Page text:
The observed statistics of chloride breakthrough presented by Sassner et al. (this issue) were compared with predictions of a stochastic-advective modeling approach. The stochastic-advective model based on the observed spatial distribution of flow rates and on transport parameters consistent with parameter values obtained from local breakthrough curves (BTCs) agreed well with the observations. Alternative models that agreed well with the local BTCs failed to predict the large-scale BTC with realistic parameter values. The results support the assumption that compared to advection variability, local dispersion within the mobile water will often have a second-order effect on field scale solute transport. The stochastic-advective model is robust with regard to the rate of mass transfer between mobile and immobile water zones. This robustness implies that order of magnitude estimates may be sufficient for providing useful predictions of both field scale solute transport and the associated prediction uncertainty. In contrast, accurate estimation of the statistics of solute advection at the scale of interest for the transport problem is necessary.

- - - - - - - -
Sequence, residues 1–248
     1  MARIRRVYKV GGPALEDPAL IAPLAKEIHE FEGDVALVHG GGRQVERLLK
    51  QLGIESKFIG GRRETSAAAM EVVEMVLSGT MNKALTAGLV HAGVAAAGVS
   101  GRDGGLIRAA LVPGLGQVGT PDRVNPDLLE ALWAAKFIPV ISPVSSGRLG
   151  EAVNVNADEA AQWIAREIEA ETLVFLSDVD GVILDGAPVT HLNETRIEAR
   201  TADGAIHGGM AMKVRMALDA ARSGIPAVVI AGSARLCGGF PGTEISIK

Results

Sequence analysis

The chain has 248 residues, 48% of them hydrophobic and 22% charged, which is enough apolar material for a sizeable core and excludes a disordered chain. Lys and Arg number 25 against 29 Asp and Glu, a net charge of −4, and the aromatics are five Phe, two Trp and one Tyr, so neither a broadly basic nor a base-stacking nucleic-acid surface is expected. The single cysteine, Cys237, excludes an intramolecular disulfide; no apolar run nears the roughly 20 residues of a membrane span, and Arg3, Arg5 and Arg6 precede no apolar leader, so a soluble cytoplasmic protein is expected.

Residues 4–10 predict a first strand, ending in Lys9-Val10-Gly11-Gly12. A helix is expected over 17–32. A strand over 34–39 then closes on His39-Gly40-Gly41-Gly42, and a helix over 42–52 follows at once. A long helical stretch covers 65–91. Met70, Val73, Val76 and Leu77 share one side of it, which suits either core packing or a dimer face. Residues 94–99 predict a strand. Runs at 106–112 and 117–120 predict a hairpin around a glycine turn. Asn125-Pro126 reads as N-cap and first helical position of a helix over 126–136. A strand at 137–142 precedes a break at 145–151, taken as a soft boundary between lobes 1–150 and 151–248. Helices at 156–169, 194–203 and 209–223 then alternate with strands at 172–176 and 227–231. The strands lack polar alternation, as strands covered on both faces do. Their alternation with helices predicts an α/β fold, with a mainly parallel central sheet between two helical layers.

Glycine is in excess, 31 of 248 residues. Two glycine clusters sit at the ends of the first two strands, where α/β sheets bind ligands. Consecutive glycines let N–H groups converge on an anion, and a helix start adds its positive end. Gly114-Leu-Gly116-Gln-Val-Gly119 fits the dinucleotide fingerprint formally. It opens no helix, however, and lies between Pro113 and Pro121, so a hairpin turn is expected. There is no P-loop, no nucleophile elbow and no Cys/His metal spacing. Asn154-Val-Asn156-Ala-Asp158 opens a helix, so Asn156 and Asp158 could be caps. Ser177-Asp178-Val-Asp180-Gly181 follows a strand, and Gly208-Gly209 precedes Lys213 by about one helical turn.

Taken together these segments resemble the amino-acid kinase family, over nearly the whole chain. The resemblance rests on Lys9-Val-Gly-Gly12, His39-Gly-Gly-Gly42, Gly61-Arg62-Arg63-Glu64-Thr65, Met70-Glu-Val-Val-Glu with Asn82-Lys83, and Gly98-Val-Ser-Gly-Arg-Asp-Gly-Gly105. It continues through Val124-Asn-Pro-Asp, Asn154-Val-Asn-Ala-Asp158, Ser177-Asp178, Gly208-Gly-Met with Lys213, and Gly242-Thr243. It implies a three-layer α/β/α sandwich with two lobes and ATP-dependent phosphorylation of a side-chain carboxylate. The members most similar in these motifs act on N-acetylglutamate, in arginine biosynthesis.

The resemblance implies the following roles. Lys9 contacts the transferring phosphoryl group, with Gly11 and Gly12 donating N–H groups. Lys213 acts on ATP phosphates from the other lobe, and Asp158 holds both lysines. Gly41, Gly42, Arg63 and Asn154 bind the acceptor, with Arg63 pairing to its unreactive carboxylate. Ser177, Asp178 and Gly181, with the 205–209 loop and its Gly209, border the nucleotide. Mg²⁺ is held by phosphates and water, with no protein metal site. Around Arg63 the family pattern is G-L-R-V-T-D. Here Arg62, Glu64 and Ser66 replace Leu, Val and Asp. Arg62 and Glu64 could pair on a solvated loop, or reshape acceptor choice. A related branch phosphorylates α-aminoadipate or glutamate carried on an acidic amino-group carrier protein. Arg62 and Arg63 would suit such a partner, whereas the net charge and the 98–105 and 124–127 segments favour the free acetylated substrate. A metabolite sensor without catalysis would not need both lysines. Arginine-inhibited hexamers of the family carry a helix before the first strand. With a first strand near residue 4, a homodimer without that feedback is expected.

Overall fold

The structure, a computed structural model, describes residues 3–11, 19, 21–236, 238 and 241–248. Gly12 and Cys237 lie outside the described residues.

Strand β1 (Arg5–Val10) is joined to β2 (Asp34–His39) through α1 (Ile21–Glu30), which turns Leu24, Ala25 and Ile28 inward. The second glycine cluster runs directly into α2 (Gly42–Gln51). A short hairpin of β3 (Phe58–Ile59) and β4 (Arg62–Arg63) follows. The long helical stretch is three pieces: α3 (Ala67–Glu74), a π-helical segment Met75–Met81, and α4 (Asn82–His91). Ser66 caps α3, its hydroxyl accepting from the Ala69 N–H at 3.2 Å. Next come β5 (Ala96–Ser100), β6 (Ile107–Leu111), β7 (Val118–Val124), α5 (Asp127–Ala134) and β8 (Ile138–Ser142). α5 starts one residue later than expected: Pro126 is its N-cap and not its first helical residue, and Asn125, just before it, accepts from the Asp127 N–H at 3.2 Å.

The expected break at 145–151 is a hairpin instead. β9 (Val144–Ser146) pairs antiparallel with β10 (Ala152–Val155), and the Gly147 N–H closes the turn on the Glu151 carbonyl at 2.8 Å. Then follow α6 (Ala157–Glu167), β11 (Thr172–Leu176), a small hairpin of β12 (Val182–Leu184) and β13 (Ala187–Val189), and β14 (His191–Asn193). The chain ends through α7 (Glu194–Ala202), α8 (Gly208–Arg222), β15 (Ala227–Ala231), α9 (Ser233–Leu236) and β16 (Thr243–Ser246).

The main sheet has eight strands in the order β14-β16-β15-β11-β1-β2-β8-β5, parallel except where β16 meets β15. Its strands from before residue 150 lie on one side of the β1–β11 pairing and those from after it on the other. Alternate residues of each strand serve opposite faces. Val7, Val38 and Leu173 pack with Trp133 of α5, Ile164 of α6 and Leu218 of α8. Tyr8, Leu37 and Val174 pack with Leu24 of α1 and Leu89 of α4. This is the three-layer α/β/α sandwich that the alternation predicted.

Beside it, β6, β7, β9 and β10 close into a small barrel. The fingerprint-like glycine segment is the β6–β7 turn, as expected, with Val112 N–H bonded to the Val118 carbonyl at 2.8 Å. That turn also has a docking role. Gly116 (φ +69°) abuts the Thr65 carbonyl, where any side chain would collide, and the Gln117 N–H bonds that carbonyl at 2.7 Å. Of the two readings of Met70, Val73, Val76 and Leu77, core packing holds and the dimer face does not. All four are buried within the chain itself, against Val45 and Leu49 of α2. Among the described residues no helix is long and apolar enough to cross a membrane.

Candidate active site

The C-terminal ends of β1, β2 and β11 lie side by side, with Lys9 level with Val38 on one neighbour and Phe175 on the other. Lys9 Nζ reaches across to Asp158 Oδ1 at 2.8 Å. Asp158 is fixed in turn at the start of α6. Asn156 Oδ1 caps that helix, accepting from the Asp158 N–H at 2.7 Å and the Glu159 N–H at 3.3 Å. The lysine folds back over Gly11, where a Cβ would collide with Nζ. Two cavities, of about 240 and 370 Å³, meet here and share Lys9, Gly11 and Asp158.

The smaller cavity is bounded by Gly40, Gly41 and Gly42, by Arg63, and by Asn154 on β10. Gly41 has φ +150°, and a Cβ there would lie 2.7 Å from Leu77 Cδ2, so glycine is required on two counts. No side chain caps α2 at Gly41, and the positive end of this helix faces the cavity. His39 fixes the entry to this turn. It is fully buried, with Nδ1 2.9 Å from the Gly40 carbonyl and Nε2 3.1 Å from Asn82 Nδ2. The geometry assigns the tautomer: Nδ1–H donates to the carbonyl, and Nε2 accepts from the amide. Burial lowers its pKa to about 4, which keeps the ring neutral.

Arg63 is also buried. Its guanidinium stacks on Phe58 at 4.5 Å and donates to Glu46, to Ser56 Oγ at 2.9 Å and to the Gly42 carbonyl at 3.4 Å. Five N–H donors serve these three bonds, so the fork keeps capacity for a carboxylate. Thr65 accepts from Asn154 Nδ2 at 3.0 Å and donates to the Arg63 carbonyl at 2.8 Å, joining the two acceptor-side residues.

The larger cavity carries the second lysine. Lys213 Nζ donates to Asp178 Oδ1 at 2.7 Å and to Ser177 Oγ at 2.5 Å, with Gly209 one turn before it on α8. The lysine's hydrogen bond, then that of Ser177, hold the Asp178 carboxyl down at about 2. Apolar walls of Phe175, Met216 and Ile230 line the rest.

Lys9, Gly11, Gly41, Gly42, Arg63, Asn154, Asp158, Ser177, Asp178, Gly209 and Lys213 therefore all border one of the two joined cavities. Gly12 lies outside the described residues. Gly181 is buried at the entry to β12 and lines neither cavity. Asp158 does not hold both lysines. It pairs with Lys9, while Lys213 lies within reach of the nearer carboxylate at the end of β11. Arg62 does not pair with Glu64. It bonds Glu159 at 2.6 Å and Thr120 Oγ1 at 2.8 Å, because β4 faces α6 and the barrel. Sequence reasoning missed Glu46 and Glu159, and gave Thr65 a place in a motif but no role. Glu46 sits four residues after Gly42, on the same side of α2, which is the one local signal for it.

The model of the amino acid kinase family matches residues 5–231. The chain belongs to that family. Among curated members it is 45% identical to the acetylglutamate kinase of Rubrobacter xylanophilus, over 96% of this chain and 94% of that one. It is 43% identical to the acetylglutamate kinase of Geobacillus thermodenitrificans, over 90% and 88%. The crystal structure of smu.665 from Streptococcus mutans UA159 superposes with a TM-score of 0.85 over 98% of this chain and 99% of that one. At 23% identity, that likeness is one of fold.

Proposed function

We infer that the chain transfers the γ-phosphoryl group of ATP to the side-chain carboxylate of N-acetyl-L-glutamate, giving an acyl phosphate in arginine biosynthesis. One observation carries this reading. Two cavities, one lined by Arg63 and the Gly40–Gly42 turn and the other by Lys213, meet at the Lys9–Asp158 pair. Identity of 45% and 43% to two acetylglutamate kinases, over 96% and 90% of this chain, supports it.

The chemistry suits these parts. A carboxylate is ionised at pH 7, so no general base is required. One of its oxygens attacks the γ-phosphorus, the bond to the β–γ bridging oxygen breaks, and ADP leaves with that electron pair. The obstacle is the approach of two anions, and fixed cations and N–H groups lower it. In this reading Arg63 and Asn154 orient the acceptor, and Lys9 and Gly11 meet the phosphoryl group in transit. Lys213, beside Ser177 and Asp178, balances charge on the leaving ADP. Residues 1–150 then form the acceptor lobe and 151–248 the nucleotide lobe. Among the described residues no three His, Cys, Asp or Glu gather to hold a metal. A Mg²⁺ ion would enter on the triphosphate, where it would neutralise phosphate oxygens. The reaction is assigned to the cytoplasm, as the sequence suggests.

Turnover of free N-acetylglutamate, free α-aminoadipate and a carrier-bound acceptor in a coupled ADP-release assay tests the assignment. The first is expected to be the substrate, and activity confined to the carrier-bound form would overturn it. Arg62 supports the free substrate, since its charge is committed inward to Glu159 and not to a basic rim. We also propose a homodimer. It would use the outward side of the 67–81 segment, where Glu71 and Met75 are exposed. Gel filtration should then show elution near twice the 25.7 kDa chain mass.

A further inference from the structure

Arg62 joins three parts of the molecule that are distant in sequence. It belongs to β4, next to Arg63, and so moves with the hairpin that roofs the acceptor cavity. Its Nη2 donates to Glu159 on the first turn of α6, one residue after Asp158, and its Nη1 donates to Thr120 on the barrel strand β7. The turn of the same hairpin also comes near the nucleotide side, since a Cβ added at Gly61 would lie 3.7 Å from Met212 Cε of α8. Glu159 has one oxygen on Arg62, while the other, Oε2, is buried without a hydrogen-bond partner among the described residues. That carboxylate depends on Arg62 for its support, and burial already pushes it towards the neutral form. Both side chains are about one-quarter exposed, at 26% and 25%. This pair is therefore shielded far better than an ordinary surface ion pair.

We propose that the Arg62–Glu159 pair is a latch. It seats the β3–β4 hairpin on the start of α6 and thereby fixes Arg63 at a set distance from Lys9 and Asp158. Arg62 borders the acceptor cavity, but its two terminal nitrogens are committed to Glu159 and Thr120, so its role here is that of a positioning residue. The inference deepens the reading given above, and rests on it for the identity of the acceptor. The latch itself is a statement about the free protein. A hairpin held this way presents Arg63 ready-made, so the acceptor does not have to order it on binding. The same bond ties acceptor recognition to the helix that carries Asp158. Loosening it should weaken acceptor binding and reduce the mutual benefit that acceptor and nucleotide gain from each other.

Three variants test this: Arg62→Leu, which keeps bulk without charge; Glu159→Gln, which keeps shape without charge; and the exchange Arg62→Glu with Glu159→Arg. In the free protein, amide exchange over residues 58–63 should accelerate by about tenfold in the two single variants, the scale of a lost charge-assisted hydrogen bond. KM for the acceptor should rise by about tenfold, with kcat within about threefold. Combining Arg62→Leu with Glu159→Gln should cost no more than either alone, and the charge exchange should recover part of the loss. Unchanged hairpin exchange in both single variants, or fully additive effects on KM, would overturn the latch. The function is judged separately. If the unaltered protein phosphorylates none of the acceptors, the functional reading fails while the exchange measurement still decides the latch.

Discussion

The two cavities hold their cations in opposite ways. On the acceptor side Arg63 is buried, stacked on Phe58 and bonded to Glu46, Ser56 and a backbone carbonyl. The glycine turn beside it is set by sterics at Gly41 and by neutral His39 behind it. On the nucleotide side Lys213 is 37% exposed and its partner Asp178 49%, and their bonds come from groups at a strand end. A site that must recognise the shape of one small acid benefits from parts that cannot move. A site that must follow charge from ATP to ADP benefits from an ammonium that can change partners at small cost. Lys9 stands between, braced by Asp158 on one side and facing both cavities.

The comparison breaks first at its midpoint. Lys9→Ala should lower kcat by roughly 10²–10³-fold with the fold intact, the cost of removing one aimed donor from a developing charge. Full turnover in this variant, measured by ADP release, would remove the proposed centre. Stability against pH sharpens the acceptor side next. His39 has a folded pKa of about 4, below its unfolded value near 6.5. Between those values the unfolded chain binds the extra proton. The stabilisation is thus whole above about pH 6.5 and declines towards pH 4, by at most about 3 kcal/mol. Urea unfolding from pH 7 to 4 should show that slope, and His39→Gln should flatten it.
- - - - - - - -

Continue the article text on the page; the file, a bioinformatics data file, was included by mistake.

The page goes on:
|Journal||Water Resources Research|
|Publication status||Published - 1994|